Archive for the ‘Chuck Paine’s book’ Category

A great holiday present

Friday, November 24th, 2017

All of your boat-loving friends will love their copy of Chuck’s latest book. Order them from this website. The cost is $23.50, including free shipping!


Thursday, September 22nd, 2016

chuckbookad_july5_                   I’ve just published my latest book on the subject of yacht design. THE BOATS I’VE LOVED- 20 classic sailboat designs, by Chuck Paine. This 108-page print or e-book features my selection of the finest small sailboat designs from my forty-year career as a designer, plus three other “boats I’ve loved” from the hand of Olin Stephens and Nat Herreshoff. Packed with beautiful photograps and a lifetime’s worth of advice about my most popular sailboat designs, most of which can be bought on the used boat market for a modest price, spruced up a bit and taken sailing for years to come. I never designed anything but the best quality yachts- read all about them here and if you’ve got any sense, buy one and sail away

You can get yours by going here:


Saturday, October 27th, 2012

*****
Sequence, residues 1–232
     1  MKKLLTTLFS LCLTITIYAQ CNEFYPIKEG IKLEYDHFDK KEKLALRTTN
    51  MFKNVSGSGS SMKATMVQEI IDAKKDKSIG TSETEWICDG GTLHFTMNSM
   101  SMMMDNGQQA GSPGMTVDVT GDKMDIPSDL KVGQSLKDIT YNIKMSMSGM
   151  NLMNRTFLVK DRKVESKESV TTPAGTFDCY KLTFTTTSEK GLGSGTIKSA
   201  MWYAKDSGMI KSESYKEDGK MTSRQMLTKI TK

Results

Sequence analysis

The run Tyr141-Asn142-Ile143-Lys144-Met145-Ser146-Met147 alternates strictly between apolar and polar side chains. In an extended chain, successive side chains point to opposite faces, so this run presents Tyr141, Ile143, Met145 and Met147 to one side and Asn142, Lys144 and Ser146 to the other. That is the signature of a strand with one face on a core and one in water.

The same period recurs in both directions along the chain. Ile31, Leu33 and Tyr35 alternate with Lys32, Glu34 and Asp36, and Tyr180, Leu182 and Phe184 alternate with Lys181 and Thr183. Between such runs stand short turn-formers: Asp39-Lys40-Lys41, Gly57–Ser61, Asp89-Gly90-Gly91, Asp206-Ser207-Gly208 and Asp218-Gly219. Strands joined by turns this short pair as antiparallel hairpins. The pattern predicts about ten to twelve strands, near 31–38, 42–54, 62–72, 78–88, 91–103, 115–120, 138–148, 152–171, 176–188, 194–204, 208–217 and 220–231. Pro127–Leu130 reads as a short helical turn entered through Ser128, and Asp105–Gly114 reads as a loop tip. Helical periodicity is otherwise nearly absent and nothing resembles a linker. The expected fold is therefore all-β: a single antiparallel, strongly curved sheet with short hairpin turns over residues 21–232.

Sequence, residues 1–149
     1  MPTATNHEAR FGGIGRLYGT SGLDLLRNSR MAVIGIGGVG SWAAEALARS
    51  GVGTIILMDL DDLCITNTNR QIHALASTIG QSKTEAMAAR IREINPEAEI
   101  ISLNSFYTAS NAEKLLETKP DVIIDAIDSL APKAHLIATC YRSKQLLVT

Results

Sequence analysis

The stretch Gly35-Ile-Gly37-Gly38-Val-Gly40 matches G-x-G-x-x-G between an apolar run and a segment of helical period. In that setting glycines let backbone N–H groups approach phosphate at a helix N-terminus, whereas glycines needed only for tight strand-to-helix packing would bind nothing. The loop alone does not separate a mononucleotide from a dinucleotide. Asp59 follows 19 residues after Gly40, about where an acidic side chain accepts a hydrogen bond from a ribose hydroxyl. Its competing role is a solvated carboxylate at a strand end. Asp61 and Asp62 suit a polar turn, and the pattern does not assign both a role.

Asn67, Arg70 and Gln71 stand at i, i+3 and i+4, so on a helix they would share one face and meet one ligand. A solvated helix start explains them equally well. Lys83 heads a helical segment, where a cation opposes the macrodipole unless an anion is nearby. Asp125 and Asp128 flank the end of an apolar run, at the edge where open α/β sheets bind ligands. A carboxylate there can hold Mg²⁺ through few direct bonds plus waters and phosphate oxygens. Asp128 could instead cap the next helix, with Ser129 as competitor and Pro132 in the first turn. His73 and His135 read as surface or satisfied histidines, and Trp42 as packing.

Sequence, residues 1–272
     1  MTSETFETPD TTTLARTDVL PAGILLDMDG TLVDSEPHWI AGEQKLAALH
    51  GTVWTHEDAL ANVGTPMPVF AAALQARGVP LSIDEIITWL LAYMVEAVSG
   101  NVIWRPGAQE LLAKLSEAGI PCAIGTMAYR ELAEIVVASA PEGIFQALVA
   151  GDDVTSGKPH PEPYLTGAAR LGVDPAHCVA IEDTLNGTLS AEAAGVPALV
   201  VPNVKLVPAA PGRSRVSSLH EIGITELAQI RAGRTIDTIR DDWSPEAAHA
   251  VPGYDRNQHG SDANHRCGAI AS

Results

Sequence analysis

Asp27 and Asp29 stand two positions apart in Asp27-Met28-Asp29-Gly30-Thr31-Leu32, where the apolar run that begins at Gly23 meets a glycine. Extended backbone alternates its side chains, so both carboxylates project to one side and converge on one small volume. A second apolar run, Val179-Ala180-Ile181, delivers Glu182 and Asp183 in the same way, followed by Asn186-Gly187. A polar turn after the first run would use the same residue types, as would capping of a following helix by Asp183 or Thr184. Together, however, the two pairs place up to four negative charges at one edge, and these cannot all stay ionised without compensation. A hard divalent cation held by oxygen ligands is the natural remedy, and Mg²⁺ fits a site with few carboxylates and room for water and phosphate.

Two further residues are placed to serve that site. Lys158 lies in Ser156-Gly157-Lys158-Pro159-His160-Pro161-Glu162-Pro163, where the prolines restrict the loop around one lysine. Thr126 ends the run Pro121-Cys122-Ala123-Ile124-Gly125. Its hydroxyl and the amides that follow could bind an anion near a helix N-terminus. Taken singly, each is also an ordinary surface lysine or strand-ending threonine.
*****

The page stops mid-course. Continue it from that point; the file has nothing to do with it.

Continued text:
Here I am at the East Greenwich (RI) Yacht Club last Saturday. I had been invited to give my talk there, and to accept an Honorary membership to the club. My career in boats began there in 1958, having never stepped foot in a sailboat, as a tyro in their junior sailing classes. Needless to say I took to the sport.


Thursday, January 12th, 2012

My Talk in London













Here I am giving my talk at the Cruising Association in London. It went well judging by the fact that everyone was still awake after 70 minutes, and there were a few good laughs (most at my own expense). For the first time in nearly 40 years I divulged the identity of the lovely young lady who was the inspiration for my first design, the Frances 26. That’s her peeking at you, Frances Cairncross, now a world-famous economist and the rector (president) of Exeter College at Oxford. She was a wonderful dancer and turned me from a pathologically selfish 22-year old into a functioning human being.


Saturday, October 22nd, 2011

If your friends, crew or spouse love boating, you could give them the best holiday gift ever. Chuck’s book on yacht design is the most informative, most lavishly illustrated, most appreciated gift you could give anyone who loves yachts. Don’t miss out—there are only 128 copies left in print so you will not have this opportunity next year! If you buy it on Amazon by clicking here,

the shipping costs are slightly lower. If you buy it on this website Chuck Paine will happily endorse the book for the recipient. You can be a hero, but act now… they’ll be sold out by Christmas!


Wednesday, June 8th, 2011

Dinner on the Krka River

         I got to thinking about one prediction I made in the conclusion to my recent book: “Surely in the near future some lad far cleverer with a computer than I ever was will write a computer program that will enable twenty or so would-be yachtsmen to share one very beautiful yacht as if it were solely their own.”